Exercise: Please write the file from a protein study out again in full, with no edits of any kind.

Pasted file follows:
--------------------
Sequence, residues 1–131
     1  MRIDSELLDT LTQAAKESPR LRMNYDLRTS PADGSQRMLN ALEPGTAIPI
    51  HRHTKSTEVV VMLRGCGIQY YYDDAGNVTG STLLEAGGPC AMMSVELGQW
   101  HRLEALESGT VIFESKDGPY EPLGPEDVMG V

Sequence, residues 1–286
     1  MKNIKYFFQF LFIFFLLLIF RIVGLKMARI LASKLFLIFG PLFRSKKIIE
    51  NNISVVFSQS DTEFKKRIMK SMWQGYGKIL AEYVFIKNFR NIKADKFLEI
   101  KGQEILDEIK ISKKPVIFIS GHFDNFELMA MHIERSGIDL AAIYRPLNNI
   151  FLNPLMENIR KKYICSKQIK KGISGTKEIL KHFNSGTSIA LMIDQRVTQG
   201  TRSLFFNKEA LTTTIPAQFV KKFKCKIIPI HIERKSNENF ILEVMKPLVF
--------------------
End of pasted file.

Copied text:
Sequence, residues 1–131
     1  MRIDSELLDT LTQAAKESPR LRMNYDLRTS PADGSQRMLN ALEPGTAIPI
    51  HRHTKSTEVV VMLRGCGIQY YYDDAGNVTG STLLEAGGPC AMMSVELGQW
   101  HRLEALESGT VIFESKDGPY EPLGPEDVMG V

Sequence, residues 1–286
     1  MKNIKYFFQF LFIFFLLLIF RIVGLKMARI LASKLFLIFG PLFRSKKIIE
    51  NNISVVFSQS DTEFKKRIMK SMWQGYGKIL AEYVFIKNFR NIKADKFLEI
   101  KGQEILDEIK ISKKPVIFIS GHFDNFELMA MHIERSGIDL AAIYRPLNNI
   151  FLNPLMENIR KKYICSKQIK KGISGTKEIL KHFNSGTSIA LMIDQRVTQG
   201  TRSLFFNKEA LTTTIPAQFV KKFKCKIIPI HIERKSNENF ILEVMKPLVF